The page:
|2007||Gary Hatch||16U National Team|
|2006||Garye LaFevers||16U National Team|
|2005||Phil Bodine||16U National Team|
|2004||Frank Cruz||Collegiate National Team|
|2003||Don Freeman||16U National Team|
|2002||Edgar Soto||18U National Team|
|2001||Dave Grant||18U National Team|
|2000||Tim Saunders||16U National Team|
|1999||Bill Krejci||16U National Team|
|1998||Mark McKenzie||16U National Team|
|1997||Bill Olson||18U National Team|
|1996||Phil Clark||18U National Team|
USA Baseball Volunteer Coach of the Year AwardEdit
Presented on a year-by-year basis in conjunction with the U.S. Olympic Committee, the USA Baseball Volunteer Coach of the Year Award is given to the coach who does not receive payment in any form for his or her involvement in assisting USA Baseball with coaching and growing the game of baseball at any level.
|2018||Karsten Whitson||14U National Team Development Program|
|2017||Bill Burniston||Collegiate National Team|
|2016||Skip Schumaker||14U National Team Development Program|
|2015||Todd Greene||14U National Team Development Program|
|2014||Brad Wilkerson||Multiple programs|
|2013||Landon Powell||14U National Team Development Program|
|2012||Eric Kibler||14U and 17U National Team Development Programs|
|2011||Jeff Hewitt||14U National Team|
|2010||Bill Kinneberg||Collegiate National Team|
|2009||George Sanchez||16U National Team|
|2008||Mark Elkins||18U National Team|
|2007||Gary Hatch||16U National Team|
|2006||Garye LaFevers||16U National Team|
|2005||Phil Bodine||16U National Team|
|2004||Frank Cruz||Collegiate National Team|
|2003||Don Freeman||16U National Team|
USA Baseball Player of the Year/Richard W. "Dick" Case AwardEdit
From 1984–2002, the USA Baseball Player of Year Award was given to the athlete who was not only an outstanding player on the field, but also exemplified sportsmanship and love of the game as well. Beginning in 2003, the award was renamed the Richard W. “Dick” Case Award in honor of the organization's founding Executive Director/CEO.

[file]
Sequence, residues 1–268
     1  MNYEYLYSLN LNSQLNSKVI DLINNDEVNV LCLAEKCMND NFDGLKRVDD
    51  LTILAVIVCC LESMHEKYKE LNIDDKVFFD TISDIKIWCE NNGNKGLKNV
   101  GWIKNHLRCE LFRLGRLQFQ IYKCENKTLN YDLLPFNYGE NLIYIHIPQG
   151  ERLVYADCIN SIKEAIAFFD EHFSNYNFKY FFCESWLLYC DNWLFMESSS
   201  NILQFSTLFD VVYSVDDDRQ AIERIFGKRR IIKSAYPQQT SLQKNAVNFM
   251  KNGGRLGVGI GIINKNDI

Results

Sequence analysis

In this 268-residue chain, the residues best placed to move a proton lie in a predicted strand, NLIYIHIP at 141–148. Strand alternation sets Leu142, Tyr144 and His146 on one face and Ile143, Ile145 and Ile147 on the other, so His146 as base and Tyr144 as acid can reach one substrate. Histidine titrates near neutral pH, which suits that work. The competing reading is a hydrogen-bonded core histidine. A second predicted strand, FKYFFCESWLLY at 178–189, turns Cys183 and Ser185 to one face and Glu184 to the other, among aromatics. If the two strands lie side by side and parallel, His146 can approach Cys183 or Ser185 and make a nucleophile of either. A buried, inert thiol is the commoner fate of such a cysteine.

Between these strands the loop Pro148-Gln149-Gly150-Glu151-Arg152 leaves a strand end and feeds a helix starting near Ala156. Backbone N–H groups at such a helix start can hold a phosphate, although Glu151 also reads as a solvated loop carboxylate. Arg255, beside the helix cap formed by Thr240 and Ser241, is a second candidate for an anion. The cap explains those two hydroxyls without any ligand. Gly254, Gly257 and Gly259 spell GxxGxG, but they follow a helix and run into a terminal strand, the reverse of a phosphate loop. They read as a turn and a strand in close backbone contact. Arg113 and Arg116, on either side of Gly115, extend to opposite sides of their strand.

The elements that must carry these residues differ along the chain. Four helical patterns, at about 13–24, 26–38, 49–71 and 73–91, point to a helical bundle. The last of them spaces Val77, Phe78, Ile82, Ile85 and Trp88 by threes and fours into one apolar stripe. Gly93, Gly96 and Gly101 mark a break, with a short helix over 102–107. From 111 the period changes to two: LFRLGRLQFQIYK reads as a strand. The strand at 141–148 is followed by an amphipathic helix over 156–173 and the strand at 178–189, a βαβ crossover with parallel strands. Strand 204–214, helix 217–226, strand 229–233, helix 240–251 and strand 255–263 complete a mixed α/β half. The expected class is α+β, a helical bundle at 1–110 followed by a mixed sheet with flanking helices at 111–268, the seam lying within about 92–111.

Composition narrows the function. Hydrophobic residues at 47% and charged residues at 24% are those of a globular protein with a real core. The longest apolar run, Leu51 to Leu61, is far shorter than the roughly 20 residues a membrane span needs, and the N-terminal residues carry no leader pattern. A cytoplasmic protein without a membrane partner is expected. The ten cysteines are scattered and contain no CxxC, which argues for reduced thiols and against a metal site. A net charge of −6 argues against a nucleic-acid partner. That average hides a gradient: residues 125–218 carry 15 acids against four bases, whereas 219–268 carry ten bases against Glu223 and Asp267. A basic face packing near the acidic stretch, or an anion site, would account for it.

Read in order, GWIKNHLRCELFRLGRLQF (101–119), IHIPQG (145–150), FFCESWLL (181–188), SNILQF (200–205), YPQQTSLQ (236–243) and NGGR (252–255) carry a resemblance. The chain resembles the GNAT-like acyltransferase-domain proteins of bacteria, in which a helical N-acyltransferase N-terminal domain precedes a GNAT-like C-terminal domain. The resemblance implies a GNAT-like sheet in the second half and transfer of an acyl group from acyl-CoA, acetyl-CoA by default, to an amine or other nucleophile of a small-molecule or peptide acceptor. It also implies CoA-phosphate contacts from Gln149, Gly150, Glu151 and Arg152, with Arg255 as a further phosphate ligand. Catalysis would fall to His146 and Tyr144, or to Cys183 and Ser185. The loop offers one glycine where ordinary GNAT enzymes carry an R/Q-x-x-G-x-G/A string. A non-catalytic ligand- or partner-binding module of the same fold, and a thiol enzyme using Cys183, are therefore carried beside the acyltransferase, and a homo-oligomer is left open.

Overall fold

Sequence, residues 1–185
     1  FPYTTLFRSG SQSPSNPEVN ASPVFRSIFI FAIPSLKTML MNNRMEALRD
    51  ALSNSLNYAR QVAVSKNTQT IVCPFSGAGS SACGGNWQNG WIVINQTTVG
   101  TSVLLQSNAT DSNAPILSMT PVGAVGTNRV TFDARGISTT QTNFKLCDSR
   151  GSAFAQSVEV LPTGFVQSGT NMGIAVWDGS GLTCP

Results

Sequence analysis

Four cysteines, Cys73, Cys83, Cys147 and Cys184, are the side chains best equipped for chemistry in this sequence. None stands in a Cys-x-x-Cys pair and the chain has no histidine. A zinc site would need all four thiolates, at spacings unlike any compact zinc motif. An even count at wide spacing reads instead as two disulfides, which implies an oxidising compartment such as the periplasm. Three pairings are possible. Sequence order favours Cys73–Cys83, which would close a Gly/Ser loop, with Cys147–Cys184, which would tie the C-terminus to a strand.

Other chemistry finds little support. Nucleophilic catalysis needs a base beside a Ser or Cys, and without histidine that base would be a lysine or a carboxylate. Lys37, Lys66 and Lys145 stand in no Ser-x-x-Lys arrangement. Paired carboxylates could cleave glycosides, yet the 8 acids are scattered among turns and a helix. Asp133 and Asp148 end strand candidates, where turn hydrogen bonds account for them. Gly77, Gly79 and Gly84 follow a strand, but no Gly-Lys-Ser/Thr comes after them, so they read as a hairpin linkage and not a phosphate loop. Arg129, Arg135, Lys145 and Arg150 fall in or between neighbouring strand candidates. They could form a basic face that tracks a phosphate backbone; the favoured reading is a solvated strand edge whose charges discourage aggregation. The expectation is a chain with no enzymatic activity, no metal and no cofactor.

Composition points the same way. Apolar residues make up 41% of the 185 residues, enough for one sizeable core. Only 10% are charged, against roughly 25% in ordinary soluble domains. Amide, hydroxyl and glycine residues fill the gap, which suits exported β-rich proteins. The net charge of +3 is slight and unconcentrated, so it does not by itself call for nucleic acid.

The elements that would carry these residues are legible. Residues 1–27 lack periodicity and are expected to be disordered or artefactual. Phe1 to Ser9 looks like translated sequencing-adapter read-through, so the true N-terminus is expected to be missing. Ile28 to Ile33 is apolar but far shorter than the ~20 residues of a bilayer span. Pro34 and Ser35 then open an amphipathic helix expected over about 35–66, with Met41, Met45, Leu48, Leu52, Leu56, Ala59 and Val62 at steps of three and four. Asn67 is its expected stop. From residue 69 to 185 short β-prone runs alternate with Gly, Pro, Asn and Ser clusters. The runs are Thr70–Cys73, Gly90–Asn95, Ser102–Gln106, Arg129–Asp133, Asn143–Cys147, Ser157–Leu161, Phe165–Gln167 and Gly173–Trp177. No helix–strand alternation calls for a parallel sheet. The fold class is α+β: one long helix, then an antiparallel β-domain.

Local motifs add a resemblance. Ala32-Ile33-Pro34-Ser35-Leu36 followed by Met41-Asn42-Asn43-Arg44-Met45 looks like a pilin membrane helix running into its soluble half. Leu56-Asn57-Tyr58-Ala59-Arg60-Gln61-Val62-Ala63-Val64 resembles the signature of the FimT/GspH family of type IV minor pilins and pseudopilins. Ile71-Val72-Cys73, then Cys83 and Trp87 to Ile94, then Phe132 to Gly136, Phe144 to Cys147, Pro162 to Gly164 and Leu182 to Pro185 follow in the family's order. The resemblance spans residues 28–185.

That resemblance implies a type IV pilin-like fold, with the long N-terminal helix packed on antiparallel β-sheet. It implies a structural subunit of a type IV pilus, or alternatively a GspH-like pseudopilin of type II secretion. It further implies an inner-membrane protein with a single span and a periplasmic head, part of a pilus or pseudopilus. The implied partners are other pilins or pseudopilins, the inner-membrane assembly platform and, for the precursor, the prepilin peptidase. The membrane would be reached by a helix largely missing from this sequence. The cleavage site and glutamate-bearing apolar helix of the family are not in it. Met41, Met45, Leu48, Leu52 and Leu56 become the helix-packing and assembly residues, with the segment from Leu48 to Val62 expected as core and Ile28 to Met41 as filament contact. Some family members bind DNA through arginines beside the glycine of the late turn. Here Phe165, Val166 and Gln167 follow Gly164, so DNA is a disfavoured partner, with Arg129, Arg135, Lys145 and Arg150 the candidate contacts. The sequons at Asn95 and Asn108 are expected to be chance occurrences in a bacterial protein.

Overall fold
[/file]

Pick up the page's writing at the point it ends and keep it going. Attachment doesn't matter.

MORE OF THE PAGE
|2018||Adley Rutschman||Collegiate National Team|
|2017||Triston Casas||18U National Team|
|2016||Ricky Tyler Thomas||Collegiate National Team|
|2015||Justyn-Henry Malloy||15U National Team|
|2014||Brice Turang||15U National Team|
|2013||Carlos Rodon||Collegiate National Team|
|2012||Reese McGuire||18U National Team|
|2011||Albert Almora||18U National Team|
|2010||Alex Bregman||16U National Team|
|2009||Justin Smoak||World Cup Team|
|2008||Stephen Strasburg||Collegiate National Team and U.S. Olympic Team|
|2007||Jayson Nix||World Cup Team|
|2006||J.P. Arencibia||Collegiate National Team|
|2005||Ryan Zimmerman||Collegiate National Team|
|2004||Ryan Shealy||Pre-Olympic Qualifying Team|
|2003||Huston Street||Collegiate National Team|
|2002||Michael Aubrey||Collegiate National Team|
|2001||Orlando Hudson||World Cup Team|
|2000||Ben Sheets||U.S. Olympic Team|
|1999||Dan Wheeler||Pan American Games Team|
|1998||Pat Burrell||Golden Spikes Award Winner|
|1997||J.D. Drew||Golden Spikes Award Winner|
|1996||Travis Lee||Collegiate National Team and U.S. Olympic Team|
|1995||Mark Kotsay||Golden Spikes Award Winner|
|1994||Jason Varitek||Golden Spikes Award Winner|
|1993||Darren Dreifort||Golden Spikes Award Winner|
|1992||Phil Nevin||Collegiate National Team and U.S. Olympic Team|
|1991||Mike Kelly||Golden Spikes Award Winner|
|1990||Alex Fernandez||Golden Spikes Award Winner|
|1989||Ben McDonald||Golden Spikes Award Winner|
|1988||Robin Ventura||Collegiate National Team and U.S. Olympic Team|
|1987||Jim Abbott||Collegiate National Team and Pan American Games Team|
|1986||Mike Loynd||Golden Spikes Award Winner|